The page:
Stats Made Easy

Practical Tools for Effective Experimentation

Sunday, May 27, 2007

Say it ain’t so, Joe – Mauer lays it down on the job

Baseball aficionados in Minnesota cringed last month when their home-state baseball star Joe Mauer laid down a bunt with runners at first and second and no outs. However, a self-styled ‘Twin’s Geek’ supported this decision with an interesting statistics grid called the “expected runs matrix” published by Pete Palmer and John Thorn in The Hidden Game of Baseball. I came across this today in the Gameday program for the contest between the Minnesota club and the Toronto Blue Jays (Twins win! :)). If you are a baseball nut like me and enjoy digging into all the stats, check out this case made for making the sacrifice. In a nutshell, statistics compiled over 75 years of major league baseball indicate that Mauer’s success in advancing two runners made the out moot – the expected runs did not change. The Twins’s Geek (TG) thinks that Mauer, the reigning American League batting champ, thought he might get a surprise bunt hit, which would have increased the expected runs by a big margin. However, TG notes that the sacrifice may have gone in vain by not advancing runners (force at third, for example) or created a disastrous double play (pop to the pitcher and double up at first). What made this really interesting for me was the juxtaposition of situational stats provided by Gameday in this same issue. It shows that Joe Mauer is the premier clutch hitter on the Minnesota Twins and possibly all of baseball. For example, he bats nearly .400 with runners in scoring position! Therefore I must say: Joe, give it a go – swing away and make our day!

Thursday, May 17, 2007

Percentages puzzling to many people

Researchers from my alma mater, the Carlson School of Management at the University of Minnesota, have discovered that many people become confused when dealing with more than one percentage at a time. For example, when a store offered 25 percent off on top of a 20 percent discount, they enjoyed significantly more sales than the equivalent offer of a 40 percent reduction. Evidently most shoppers simply add the two discounts together -- 25 plus 20 in this case.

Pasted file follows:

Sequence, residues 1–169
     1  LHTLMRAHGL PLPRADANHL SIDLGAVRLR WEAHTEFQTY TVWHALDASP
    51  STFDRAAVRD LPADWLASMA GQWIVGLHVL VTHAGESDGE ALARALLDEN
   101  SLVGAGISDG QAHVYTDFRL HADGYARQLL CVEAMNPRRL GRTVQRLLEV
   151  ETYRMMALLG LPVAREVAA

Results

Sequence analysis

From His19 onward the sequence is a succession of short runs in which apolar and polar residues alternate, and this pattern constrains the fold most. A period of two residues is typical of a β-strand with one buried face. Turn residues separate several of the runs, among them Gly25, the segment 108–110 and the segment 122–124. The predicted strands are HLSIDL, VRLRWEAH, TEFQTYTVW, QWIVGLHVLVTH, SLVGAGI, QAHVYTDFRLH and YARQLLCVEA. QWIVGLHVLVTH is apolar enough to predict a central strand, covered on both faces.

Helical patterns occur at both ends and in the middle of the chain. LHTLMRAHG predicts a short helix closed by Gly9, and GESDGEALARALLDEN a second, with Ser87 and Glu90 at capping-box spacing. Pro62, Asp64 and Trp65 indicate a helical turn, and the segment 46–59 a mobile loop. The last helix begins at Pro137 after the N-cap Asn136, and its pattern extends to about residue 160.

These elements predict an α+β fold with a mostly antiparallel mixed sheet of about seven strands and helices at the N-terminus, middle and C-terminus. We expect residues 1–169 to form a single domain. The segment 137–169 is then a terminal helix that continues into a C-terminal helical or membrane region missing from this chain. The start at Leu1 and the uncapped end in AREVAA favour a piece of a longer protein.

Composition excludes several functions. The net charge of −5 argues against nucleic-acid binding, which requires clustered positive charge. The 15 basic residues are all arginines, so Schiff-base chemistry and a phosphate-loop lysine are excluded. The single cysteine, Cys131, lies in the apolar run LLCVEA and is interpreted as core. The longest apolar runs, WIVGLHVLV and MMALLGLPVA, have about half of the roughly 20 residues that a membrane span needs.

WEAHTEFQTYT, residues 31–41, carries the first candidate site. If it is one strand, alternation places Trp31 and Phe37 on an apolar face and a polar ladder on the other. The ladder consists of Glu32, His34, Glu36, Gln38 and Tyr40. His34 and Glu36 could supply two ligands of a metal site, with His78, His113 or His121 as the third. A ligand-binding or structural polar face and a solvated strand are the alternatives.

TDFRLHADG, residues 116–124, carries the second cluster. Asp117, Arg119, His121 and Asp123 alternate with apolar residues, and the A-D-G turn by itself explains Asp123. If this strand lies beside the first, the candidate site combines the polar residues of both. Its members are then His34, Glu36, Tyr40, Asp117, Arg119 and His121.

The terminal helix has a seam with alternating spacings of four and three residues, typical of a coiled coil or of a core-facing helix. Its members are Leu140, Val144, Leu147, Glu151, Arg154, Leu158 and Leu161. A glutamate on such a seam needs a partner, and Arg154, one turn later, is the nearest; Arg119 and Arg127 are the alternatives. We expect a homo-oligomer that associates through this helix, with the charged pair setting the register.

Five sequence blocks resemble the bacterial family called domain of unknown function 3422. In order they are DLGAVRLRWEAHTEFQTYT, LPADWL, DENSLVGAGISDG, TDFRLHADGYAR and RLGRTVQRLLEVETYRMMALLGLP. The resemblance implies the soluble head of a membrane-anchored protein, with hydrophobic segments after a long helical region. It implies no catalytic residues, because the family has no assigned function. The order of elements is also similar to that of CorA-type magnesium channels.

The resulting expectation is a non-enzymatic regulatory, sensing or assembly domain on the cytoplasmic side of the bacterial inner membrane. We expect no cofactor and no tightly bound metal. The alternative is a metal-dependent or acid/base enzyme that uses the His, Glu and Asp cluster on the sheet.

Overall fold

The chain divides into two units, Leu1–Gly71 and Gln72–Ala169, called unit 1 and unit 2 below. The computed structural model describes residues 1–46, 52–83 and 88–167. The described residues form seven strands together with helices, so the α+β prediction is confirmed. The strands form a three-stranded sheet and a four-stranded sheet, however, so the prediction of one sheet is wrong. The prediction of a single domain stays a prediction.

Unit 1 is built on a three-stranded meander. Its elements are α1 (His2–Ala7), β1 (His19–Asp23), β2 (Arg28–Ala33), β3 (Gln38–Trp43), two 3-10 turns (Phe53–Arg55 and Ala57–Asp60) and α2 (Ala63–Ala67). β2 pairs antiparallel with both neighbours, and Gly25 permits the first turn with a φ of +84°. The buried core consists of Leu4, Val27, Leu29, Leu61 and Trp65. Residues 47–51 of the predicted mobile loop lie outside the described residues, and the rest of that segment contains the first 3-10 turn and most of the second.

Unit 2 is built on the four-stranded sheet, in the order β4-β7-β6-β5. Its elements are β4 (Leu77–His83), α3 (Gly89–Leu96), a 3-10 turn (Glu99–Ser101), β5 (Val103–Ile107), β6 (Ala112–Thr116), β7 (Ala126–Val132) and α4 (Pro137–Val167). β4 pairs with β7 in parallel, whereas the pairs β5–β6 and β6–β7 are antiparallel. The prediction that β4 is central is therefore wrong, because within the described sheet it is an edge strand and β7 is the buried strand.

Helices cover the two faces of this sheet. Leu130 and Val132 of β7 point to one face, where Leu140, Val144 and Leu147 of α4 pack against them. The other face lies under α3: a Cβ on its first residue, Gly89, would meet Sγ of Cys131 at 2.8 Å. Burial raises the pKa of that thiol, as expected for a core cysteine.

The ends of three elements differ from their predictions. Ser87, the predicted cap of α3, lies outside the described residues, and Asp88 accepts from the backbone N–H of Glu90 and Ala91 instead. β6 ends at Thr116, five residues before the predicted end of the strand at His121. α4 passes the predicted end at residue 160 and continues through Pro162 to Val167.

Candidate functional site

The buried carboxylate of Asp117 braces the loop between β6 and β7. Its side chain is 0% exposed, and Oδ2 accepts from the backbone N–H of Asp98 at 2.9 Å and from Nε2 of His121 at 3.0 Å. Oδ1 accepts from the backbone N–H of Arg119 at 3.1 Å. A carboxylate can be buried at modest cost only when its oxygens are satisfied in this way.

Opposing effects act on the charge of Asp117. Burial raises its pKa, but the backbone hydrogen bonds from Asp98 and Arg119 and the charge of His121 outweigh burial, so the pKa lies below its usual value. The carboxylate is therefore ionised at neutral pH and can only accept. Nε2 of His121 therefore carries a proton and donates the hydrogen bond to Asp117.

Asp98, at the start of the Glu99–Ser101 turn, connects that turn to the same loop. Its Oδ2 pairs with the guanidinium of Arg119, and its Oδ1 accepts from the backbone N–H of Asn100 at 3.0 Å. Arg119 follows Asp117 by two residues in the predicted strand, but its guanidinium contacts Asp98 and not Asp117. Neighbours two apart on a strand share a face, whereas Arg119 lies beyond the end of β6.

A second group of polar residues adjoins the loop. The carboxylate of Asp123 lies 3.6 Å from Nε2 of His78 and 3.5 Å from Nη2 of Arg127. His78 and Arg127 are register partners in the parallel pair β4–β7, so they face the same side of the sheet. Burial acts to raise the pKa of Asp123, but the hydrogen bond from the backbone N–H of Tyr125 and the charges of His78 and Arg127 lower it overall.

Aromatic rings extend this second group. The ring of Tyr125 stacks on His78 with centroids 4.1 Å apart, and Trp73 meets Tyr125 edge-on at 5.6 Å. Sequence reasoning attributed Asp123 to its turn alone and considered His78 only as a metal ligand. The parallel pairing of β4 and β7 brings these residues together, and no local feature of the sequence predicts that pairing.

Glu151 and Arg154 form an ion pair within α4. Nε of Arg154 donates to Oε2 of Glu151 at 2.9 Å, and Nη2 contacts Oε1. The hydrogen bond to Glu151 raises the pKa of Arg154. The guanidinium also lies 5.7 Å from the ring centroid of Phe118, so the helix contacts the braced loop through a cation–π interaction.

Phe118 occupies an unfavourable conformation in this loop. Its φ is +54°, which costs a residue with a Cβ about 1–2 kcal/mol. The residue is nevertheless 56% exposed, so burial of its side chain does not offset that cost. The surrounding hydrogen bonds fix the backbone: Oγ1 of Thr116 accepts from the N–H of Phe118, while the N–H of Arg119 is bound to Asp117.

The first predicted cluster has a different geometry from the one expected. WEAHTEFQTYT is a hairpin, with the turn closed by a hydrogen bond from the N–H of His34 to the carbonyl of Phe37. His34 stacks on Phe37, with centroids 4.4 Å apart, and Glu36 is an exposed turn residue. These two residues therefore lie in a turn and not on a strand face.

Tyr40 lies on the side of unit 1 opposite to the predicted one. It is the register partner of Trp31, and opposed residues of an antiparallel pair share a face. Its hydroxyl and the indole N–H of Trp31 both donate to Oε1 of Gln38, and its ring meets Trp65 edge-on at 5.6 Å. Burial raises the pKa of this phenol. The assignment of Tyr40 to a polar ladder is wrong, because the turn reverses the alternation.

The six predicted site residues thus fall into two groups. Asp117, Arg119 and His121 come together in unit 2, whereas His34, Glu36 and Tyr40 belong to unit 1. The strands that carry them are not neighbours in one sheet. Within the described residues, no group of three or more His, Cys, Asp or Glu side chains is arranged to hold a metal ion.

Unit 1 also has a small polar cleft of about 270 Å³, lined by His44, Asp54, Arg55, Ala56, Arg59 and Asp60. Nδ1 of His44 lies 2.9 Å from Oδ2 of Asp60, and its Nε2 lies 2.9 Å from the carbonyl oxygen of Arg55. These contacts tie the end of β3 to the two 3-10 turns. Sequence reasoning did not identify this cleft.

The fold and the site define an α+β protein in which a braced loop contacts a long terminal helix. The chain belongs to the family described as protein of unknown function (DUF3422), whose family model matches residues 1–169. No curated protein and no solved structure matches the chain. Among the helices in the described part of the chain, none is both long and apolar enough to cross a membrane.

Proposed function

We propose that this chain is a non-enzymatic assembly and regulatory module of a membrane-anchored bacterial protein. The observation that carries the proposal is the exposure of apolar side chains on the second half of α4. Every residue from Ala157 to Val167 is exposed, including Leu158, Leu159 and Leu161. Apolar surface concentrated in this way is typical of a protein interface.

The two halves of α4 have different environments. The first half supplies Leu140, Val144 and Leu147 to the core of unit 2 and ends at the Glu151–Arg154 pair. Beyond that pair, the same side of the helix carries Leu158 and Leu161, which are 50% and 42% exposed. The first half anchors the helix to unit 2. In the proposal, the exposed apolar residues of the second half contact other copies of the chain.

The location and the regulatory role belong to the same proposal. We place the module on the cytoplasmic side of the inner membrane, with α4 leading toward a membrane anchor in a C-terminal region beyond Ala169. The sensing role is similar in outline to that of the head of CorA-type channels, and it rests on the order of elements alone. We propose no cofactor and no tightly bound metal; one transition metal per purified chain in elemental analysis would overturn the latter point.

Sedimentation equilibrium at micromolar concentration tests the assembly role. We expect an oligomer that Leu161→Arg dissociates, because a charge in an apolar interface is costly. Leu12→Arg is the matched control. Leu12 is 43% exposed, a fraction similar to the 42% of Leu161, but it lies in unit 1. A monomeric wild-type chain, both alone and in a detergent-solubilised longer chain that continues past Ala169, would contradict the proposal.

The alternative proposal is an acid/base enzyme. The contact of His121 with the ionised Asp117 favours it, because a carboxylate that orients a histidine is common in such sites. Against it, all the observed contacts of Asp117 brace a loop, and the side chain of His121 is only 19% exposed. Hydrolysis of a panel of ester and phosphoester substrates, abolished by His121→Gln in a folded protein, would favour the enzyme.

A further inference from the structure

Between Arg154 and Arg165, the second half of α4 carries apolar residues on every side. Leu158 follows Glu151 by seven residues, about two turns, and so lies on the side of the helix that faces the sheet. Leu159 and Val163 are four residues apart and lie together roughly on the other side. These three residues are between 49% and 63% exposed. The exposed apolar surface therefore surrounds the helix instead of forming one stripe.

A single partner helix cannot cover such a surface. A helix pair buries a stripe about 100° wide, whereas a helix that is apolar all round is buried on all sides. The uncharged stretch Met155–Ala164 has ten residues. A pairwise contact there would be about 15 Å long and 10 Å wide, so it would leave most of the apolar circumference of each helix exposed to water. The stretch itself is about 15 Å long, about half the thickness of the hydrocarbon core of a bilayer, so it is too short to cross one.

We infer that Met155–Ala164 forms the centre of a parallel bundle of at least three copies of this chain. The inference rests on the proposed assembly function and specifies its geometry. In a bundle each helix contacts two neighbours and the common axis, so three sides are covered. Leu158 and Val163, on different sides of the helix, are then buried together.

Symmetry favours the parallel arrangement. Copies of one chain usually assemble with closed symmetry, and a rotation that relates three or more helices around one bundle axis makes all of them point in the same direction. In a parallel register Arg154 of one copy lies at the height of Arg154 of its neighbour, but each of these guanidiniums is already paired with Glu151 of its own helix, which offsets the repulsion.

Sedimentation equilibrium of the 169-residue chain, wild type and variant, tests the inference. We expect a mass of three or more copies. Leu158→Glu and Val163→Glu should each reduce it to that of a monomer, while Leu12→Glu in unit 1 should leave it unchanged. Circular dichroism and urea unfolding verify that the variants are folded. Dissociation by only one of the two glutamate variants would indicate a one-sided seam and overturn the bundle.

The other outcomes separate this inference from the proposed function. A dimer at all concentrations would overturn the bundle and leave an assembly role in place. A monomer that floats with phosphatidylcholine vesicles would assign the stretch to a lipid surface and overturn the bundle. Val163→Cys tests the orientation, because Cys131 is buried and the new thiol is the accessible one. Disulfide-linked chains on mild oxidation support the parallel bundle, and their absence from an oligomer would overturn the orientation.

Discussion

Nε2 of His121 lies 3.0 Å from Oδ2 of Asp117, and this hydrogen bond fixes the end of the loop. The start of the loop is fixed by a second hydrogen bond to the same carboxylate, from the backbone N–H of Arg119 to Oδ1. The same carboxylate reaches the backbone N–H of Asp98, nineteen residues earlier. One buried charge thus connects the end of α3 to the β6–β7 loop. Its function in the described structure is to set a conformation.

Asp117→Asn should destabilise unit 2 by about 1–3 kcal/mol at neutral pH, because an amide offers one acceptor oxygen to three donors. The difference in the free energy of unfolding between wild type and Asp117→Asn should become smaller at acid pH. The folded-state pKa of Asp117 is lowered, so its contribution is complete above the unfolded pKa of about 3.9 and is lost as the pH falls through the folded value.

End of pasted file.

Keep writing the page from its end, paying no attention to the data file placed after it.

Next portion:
I recall someone saying they saw an item that went on clearance for 50% off and after going unsold got marked down another 50%. They brought the item to the checkout only to be told by the clerk that this could not be right because then there would be no charge -- 50 minus 50 is obviously zero! The shopper demanded that the store manager be called in to resolve the matter. However, after much deliberation, the superior declared that the clerk had it right and refused the sale because the store would go broke by giving away products for free.

Here’s a puzzler that will weed out those who do not deal well with percentages. Imagine you buy a stock for 100 and it shoots up 40 percent but then drops back by 30 percent. How much profit will you make by then selling this stock? See this report by UMNnews for the answer.

Sunday, May 13, 2007

Experimentation uncovers most desirable time to embark on morning commute

In today's Ask Marilyn® column in Parade magazine, a reader questions whether a commuter might get to work earlier by leaving home later. Beam me to my cubicle Scotty!

I’ve never considered this idea as a possibility, but I have experimented on varying times of departing for my daily commute of 20 miles to the Stat-Ease office in Minneapolis. My goal is to precisely predict the rush periods and avoid them while working within our flex-time rules for full-time workers. The graph shown here illustrates my theory on traffic around the Twin Cities (I drive through Saint Paul from a suburb to the east – Stillwater, Minnesota).* My belief, based on decades of daily commuting and not refuted by these experimental results, is that cars congregate in waves due to differences in working hours – some drivers working the 7 AM factory shift and others expected to be at their desks by 8 AM, for example. For me the most desirable departure is at 6:34 AM,** which maximizes my sleep time and hits a trough in the waves of traffic – still 35 minutes on the road for my average commute. I call it the “hole” and when I hit it right, my car is like the container you put into the drive-through receptacles of the bank – it whooshes me into Minneapolis. My statistical colleagues question my theory due to the sparsity of recorded data, so if any of you can provide support, I’d appreciate it. It boils down to this: Obviously one can leave later and get to work faster, but the trick is not to be late.

*For all the details, see the One-Factor RSM [Response Surface Methods] Tutorial for Design-Expert® version 7 software.

** Refer to the One-Factor RSM Tutorial (Part 2 – Advanced topics) for details on how Design-Expert’s numerical optimizer found the most desirable combination for leaving at the latest, minimizing drive-time and making the results least susceptible to variations in departure via propagation of error – POE.